Statistics from the EEOC, “In Fiscal Year 2006 EEOC resolved 15,708 disability discrimination charges and recovered $54.4 million in monetary benefits for charging parties and other aggrieved individuals (not including monetary benefits obtained through litigation).”

    The Rehabilitation Act of 1973 prohibits employers from discriminating against employees because they have cancer. This act only applies to employees of the executive branch of the federal government, as well as private and public employers who receive public funds. The Congressional Accountability Act prohibits the same discrimination practices in the legislative branch of government. Acts of discrimination in the executive branch of the federal government must be reported to the EEOC within 45 days of the incident.

    The Family Medical Leave Act of 1993: The FMLA allows an employee to take unpaid leave due to a serious health condition that makes the employee unable to perform his job or to care for a sick family member or to care for a new son or daughter (including by birth, adoption or foster care). For cancer patients, this can mean up to twelve weeks of unpaid protected leave.

    Guidelines to be covered under FMLA:

    You must be employed for 12 months or 1,250 hours prior to requesting leave and your work site employer must have at least 50 employees.

    Resources: Information and Advocacy

    The American Bar Association Breast Cancer Legal Advocacy Initiative includes information for breast cancer patients. Their ten steps to protecting the rights of breast cancer patients apply to all cancer patients when dealing with their insurance carrier. Visit their site for more details on the ten steps listed below.

    1. Read your health insurance policy carefully

    2. Determine if the treatment prescribed by your doctor is covered by your insurance policy

    3. Find out what the appeals process is for your insurance policy

    4. Consult with an expert in heath insurance law

    5. Plead your case in person

    6. Personalize your written case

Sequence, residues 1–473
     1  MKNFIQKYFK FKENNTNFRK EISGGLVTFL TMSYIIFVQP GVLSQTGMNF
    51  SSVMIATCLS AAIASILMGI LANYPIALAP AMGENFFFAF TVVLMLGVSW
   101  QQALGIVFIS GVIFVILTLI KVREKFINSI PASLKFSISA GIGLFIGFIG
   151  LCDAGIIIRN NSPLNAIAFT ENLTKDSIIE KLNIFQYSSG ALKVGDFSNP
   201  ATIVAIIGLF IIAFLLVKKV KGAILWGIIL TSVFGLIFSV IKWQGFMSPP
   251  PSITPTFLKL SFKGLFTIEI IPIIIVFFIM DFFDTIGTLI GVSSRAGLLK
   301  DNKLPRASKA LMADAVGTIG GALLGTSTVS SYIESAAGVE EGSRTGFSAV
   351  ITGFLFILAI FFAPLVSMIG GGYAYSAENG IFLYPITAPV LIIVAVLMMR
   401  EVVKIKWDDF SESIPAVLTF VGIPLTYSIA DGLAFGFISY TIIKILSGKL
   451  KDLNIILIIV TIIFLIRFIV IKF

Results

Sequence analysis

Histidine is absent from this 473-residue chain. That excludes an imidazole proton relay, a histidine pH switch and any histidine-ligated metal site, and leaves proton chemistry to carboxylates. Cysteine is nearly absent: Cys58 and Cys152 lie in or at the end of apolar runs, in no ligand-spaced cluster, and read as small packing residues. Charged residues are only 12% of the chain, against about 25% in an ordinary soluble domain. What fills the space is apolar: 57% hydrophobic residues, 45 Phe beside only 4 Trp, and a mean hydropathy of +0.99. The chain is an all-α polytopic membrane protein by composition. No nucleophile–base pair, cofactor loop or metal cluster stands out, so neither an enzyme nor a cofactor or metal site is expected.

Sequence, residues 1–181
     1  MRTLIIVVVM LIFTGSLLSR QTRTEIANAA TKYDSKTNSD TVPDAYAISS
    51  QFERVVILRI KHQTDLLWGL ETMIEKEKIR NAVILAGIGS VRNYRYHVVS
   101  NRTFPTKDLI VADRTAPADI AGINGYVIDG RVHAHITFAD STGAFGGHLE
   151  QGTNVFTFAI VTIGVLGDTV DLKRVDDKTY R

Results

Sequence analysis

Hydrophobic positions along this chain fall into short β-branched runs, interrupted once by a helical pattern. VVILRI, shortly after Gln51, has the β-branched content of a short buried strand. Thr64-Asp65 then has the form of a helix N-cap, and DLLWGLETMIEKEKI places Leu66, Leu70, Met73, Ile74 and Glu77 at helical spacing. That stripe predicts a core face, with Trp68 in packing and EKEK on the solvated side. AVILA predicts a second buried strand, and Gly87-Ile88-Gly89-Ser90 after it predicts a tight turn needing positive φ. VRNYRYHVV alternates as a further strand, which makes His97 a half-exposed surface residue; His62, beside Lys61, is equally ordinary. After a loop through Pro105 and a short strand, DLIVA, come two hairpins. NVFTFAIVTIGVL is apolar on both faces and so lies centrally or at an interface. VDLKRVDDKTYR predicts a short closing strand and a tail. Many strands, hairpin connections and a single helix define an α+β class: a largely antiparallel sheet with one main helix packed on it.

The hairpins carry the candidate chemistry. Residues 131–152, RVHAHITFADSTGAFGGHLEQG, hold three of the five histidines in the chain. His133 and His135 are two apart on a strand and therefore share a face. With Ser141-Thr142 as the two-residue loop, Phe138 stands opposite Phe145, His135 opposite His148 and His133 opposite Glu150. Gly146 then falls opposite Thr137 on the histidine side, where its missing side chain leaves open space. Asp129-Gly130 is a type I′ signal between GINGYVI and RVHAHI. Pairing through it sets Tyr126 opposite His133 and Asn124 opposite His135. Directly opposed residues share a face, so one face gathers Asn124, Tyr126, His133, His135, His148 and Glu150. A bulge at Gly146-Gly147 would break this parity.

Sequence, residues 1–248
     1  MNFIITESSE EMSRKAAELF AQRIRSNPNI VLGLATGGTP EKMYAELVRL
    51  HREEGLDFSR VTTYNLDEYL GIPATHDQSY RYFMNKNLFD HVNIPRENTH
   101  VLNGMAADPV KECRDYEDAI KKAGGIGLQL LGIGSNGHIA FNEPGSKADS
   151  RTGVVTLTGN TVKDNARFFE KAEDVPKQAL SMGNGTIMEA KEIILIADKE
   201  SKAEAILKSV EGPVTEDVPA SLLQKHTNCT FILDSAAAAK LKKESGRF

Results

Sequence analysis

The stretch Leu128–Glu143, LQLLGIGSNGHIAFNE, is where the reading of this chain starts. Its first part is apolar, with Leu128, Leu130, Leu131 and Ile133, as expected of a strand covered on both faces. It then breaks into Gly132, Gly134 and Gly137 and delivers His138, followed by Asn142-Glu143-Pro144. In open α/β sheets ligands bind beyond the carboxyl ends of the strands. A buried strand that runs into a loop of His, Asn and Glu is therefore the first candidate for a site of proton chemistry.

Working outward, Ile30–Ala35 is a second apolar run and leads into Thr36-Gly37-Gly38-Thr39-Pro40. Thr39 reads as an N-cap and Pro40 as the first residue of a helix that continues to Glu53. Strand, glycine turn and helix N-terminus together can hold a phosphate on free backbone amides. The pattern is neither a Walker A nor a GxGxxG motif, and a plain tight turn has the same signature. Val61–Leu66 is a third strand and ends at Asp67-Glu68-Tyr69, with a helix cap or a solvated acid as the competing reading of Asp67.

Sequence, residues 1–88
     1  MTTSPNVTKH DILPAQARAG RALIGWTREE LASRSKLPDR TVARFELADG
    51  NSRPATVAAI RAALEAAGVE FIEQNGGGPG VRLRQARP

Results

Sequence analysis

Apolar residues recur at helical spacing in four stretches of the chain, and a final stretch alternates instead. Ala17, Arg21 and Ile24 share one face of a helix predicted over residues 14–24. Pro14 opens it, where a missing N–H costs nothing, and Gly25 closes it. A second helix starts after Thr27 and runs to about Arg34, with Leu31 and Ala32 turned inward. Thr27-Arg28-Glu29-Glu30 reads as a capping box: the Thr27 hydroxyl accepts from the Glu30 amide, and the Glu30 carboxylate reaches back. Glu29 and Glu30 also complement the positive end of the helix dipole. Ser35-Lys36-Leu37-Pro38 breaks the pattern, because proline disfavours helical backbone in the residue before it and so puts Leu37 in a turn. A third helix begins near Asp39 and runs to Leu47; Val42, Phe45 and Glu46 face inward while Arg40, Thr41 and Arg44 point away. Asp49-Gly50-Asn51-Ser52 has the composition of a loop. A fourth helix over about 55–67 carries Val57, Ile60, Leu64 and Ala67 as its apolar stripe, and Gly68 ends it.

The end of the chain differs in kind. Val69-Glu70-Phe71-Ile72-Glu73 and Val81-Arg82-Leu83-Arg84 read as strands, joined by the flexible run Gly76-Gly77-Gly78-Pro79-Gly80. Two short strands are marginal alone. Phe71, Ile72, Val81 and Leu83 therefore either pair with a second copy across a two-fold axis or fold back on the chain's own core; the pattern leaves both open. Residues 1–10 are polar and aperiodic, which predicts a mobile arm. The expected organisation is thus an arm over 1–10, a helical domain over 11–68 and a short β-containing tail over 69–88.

7. Obtain copies of your medical records

    8. Document everything

    9. Ask your doctor to advocate for you

    10 Be prepared to fight

    Patient Advocate Foundation: a non-profit national organization that seeks to safeguarding patients through effective mediation assuring access to care, maintenance of employment and preservation of financial stability relative to their diagnosis. Besides providing information on legal issues they also provide personal assistance.

    “Patient Advocate Foundation offers assistance to patients with specific issues they are facing with their insurer, employer and/or creditor regarding insurance, job retention and/or debt crisis matters relative to their diagnosis of life threatening or debilitating diseases.”

    National Coalition for Cancer Survivorship:

    Be your own cancer survival advocate. Download free Cancer Survival Toolbox. “The Cancer Survival Toolbox is a free, self-learning audio program that has been developed by leading cancer organizations to help people develop important skills to better meet and understand the challenges of their illness. ” It is available online or in a free CD. Especially note section 6, Standing Up For Your Rights, which is devoted to advocacy.

    American Cancer Society:

    The Patient’s Bill of Rights

    • Information and disclosure
    • Choice of providers and plans
    • Access to emergency services
    • Participation in treatment decisions
    • Respect and non discrimination
    • Confidentiality of health information
    • Right to complain and appeal

    Medicare: Your Medicare Rights and Protections. In pdf from the Center for Medicare and Medicaid Services.


    June 11, 2008 by  
    Filed under CANCER

    It is a swelling or ‘edema’ caused by a build up of fluid in the lymphatic system. Secondary lymphedema is what is seen in cancer patients after surgery to remove or dissect the lymph nodes in the arm, groin or pelvis. Normally the lymphatic system and the fluid of this system move to flight infection. Once the lymph nodes are removed fluid collects in the spaces between cell tissues. The buildup of fluid causes not only swelling but inflammation, pain and thickening of the skin in the area affected.

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    NOTE: The contents in this blog are for informational purposes only, and should not be construed as medical advice, diagnosis, treatment or a substitute for professional care. Always seek the advice of your physician or other qualified health professional before making changes to any existing treatment or program. Some of the information presented in this blog may already be out of date.